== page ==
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Jealous boyfriend strangled Kiwi Emily Longley, 17, in bed, British court told

A violent and jealous boyfriend, afraid his aspiring Kiwi model girlfriend was cheating on him, strangled her in her bed and received help from his parents to cover up the murder, a court in Bournemouth, England, has been told.

Winchester Crown Court heard overnight that Elliot Turner, 20, "went absolutely nuts" when he allegedly strangled 17-year-old Emily Longley in a fit of rage over suspicions she was "twisting his heart", local paper the Bournemouth Echo reported.

Turner's mother, Anita, 51, and father, Leigh, 57, initially said they had heard Emily talking in their son's bedroom, even though the prosecution say she was already dead.

Turner told police he and Longley had argued the night before and she had attacked him, and that when he woke up beside her she was dead.

When police came to arrest him, his bags were packed and his passport was in his pocket, the court heard.

Leigh and Anita Turner are charged with perverting the course of justice, after allegedly helping their son cover the murder up.


It was alleged that Leigh Turner created a diversion for police, by dropping his tablets on the floor, while Anita Turner removed her son's jacket from the bedroom.

The court heard that in the weeks after the alleged murder, police bugging tapes which had been placed through the Turner's Bournemouth house had allegedly recorded the pair saying they had destroyed a letter that Elliot Turner had written.

In evidence read out to the court, Leigh Turner was alleged to have said: "Elliot f---ing strangled her."

The court also heard that Leigh Turner stated: "I cannot tell them [the police] about the letter I destroyed by bleach saying he [Elliot Turner] killed her but he didn't mean it."

Earlier he had allegedly said: "We have perverted the course of justice by destroying evidence."

But Anita Turner was heard to say they had been right to do it, the court heard.

The prosecution said Elliot Turner was heard to say: "I just flipped. I went absolutely nuts... I just lost it. I grabbed her as hard as I could. I pushed her like that."

Court hears of killing threats

Prosecutor Tim Mousley, QC, told the jury that Turner and Emily had a "short volatile relationship" which had included Turner being violent towards her in front of friends, and on several occasions saying he would kill her.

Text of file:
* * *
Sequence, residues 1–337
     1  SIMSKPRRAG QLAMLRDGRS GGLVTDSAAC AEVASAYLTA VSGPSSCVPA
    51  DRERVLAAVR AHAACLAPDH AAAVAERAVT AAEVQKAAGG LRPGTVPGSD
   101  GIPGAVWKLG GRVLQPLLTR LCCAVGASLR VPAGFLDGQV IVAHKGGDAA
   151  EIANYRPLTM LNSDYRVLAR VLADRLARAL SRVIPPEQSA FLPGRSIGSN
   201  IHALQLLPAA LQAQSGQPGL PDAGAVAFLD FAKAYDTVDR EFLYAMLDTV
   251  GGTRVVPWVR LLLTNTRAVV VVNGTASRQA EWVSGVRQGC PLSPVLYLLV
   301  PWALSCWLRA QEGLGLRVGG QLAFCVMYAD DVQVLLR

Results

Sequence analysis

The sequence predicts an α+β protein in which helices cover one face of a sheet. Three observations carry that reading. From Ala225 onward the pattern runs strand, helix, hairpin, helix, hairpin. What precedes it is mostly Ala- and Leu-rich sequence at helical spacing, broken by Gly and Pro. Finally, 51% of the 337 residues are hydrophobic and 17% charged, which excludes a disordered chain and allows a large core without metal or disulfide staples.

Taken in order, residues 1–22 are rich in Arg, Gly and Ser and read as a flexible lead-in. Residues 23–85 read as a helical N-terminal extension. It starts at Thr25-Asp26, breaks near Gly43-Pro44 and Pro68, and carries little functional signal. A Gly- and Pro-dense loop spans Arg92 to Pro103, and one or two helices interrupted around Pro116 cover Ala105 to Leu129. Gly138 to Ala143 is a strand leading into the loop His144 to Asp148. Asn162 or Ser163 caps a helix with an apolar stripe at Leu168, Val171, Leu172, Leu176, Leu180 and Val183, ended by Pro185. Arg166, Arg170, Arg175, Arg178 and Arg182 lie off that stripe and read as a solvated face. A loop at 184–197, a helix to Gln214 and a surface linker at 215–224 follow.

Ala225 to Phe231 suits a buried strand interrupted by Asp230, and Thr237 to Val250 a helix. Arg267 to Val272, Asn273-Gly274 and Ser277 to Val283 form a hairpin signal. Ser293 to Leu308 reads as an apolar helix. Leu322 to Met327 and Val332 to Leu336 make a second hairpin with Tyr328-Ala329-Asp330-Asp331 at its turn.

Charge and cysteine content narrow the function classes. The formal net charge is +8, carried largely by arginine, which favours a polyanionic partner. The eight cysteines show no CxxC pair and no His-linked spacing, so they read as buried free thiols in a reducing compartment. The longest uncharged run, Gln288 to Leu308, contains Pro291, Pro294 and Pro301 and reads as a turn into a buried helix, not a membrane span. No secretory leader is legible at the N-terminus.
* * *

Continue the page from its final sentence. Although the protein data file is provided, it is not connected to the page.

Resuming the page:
"However short their relationship was, during it Elliot Turner showed himself to be threatening, aggressive, violent, controlling and possessive towards Emily Longley.

"These aspects of Elliot Turner became more and more obsessive and culminated in killing Emily Longley in his bedroom in the middle of the night," Mousley said.

There were tell-tale haemorrhages under Longley's eyelids, consistent with neck compression, the court heard.

Mousley said Turner had suspected up to a month before the alleged murder happened in May last year that Emily had been unfaithful when she had returned to Auckland in New Zealand to visit her parents.

Longley was born in Britain but her family had emigrated when she was nine. She had returned to live with her grandparents in Bournemouth, Dorset, to study.

Mousley said Turner had then become angry over a Facebook picture of her "flirting with lads in a car" in New Zealand.

He hated the way she wore revealing clothes and called her a whore on the night the prosecution said he strangled her, the jury of one woman and 11 men were told.

Turner made previous threats to kill Emily using a hammer and even practised how to strangle her with his friend Tom Crowe, the court heard.

The pair argued and then made up several times in April and May with Turner buying her flowers and a Twix (a chocolate bar) but then Emily texted him to say: "Hit me with a mallet? Do what ever you want to me - I will never get back with you. I actually hate you."

Mousley told the court that Turner was suspicious Emily had been seeing three men in the Bournemouth area in addition to his fears she had been unfaithful while in New Zealand.

Turner's fears were written down by Emily after they went away to the Isle of Man.

In a note on hotel paper Emily wrote: "I love you. Don't say you will kill me. Stop talking about your ex-girlfriend and stop being so constantly aggressive. Be more cool because that's so much more hot."

The jury heard that on one occasion in the weeks before Emily died Turner had told friends he had killed her using the hammer in a nightclub car park but then said he was joking.

Mousley said that Elliot Turner's fears and anger led to the alleged murder in the early hours of May 7. Despite a series of rows and violence, Emily agreed to stay at his home that night - the ambulance was not called until 9.45 the next morning after several phone calls between parents and son.

When Turner was arrested he said: "I never meant to harm her, I just defended myself." He then made no comment in police interviews, the Echo reported.

Police examined his computer and found searches about death by strangulation, the court heard.

The jury was told Leigh Turner admitted destroying the letter and distracting police so the jacket could be removed. He said he had returned home from the jewellery shop to find Elliot Turner with his bags packed.

Anita Turner admitted taking the jacket but could not account for the delay in calling for an ambulance, the court heard.

Longley's father, Whakatane newspaper editor Mark Longley, her mother Caroline and younger sister Hannah are in England for the trial and her father has said they will attend every day of the trial, which is set to last four weeks.

Fairfax NZ News